Situated in Forfarshire, some twenty miles to the north of Dundee, Glamis Castle is the seat of the Earls of Strathmore. Reputedly the scene of Duncan’s murder by MacBeth in 1040, the oldest part of the current building can be dated to the latter part of the fourteenth century. The secret chambers for which the Castle is renowned were a relatively recent addition, their creation in the late seventeenth century a precautionary measure by Patrick Lyon, first Earl of Strathmore, whose Jacobite sympathies rendered him vulnerable to the antipathy of the House of Orange. The notion of a ‘house within a house’ has subsequently excited the popular imagination and various theories have been extended as to what might dwell therein.
The Castle was already famously haunted by the mid-eighteenth
century when Sir Walter Scott spent an uncomfortable evening in one of
its bedrooms. At that time, its most celebrated ghosts were those of the
second Lord Glamis (the hirsute degenerate popularly known as ‘Earl
Beardie’) and Janet Douglas, wife (and suspected poisoner) of the sixth
Lord who eventually encountered come-uppance in 1537 when she was burned
to death after being implicated in a plot to assassinate James V. These
traditional terrors have been largely superseded, however, by the
genuine mystery of the Strathmore family secret, speculation about which
intensified in 1923 when the daughter of the fouteenth Earl, Elizabeth
Bowes-Lyon (the late Queen Mother), married into the Royal Family.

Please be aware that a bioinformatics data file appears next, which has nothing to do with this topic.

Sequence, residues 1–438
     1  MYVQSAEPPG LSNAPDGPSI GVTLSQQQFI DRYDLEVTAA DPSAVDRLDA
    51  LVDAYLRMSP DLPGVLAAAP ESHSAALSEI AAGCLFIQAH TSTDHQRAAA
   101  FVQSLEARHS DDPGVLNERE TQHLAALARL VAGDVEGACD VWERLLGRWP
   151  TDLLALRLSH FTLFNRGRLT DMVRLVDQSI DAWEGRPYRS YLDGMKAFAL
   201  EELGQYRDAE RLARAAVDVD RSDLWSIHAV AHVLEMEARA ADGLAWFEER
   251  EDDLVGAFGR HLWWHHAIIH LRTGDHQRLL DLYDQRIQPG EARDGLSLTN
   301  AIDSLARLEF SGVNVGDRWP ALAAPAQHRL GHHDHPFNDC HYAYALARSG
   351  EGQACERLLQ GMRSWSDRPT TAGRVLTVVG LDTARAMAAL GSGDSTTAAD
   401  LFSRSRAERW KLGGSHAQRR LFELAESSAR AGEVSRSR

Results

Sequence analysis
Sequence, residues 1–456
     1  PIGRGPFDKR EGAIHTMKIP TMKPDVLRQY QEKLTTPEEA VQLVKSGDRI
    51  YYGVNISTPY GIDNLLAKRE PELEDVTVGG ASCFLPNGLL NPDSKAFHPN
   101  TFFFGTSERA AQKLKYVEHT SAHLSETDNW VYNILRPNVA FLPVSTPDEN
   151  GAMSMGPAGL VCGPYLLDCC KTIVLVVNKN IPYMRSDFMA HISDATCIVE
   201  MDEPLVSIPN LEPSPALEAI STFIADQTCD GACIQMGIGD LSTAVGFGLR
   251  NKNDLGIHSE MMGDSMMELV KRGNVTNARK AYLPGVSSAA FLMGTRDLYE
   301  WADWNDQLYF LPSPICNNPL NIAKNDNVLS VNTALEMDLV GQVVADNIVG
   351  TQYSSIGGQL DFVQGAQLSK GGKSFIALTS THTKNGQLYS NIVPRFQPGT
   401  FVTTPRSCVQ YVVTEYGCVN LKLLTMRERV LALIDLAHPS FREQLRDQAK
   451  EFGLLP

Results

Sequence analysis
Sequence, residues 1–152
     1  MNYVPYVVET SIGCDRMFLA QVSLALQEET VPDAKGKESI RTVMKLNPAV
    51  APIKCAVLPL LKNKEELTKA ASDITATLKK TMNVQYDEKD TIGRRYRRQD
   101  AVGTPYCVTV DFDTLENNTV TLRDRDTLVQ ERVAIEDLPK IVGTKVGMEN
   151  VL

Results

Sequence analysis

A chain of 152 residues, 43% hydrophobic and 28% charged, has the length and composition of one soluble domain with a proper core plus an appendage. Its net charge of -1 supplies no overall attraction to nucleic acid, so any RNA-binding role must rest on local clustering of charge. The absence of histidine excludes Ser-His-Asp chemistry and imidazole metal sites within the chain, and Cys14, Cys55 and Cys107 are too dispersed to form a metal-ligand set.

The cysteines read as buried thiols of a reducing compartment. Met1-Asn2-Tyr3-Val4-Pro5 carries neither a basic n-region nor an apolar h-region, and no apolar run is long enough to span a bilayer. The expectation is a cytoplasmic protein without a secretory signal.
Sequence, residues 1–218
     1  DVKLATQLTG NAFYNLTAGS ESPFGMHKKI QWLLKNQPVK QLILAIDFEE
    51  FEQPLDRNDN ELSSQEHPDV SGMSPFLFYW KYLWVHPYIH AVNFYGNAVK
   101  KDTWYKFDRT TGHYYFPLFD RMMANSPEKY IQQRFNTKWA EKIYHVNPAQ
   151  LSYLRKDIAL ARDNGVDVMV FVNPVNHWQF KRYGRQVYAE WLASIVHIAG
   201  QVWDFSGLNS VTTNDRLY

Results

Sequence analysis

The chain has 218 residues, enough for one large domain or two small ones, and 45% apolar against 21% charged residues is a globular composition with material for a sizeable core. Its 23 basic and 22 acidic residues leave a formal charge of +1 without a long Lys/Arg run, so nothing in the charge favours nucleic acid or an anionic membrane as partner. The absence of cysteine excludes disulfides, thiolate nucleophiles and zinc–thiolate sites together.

According to family tradition, the secret is known to three
people: the Earl, his factor and his heir, the last of these inheriting
the knowledge on the eve of his twenty-first birthday. Successive Earls
were reportedly traumatised by the disclosure which is widely assumed to
involve a monstrous heir*, born in the early years of the nineteenth
century. Legend persists that the child was hidden in one of Patrick
Lyons’s concealed apartments in the expectation that he would die in
infancy, an assumption confounded as he thrived, by some accounts living
well into the twentieth century. For most young men, a twenty-first
birthday is remarkable for nothing more grisly than a hangover: the
sudden collapse of nerve repeated throughout the Strathmore lineage
might be explained an unexpected introduction to ‘Uncle Angus’.
Celebrity psychic (and numbskull), Ronald Hawthorne, who visited
Glamis in the company of Princess Margaret in 1979, claims to have been
guided around the castle’s hidden corridors**. By this time, the
rightful Earl was, presumably, dead and spared an encounter that would
have caused him to reflect gratefully on a lifetime’s seclusion. Weeks
later, Hawthorne was bundled into a van and subjected to a prolonged
ordeal which culminated in his being dangled by the ankles from Tower
Bridge. “You don’t fall out with the Firm,” he wailed, a dire inference
that the Queen Mother had arranged for him to be cautioned against
repeating the indescretions on which he’d been eating out since his
return from Scotland.
* By one account, an ovoid, neckless freak, covered in matted hair with tiny limbs dangling uselessly from its terrible bulk. This seems an improbable conjecture: such a hideously helpless creature would have been despatched without compunction.
** The existence and even location of these ‘secret’ tunnels is actually well documented, a Book of Record of their construction being discovered and published by the Scottish Historical Society in 1890.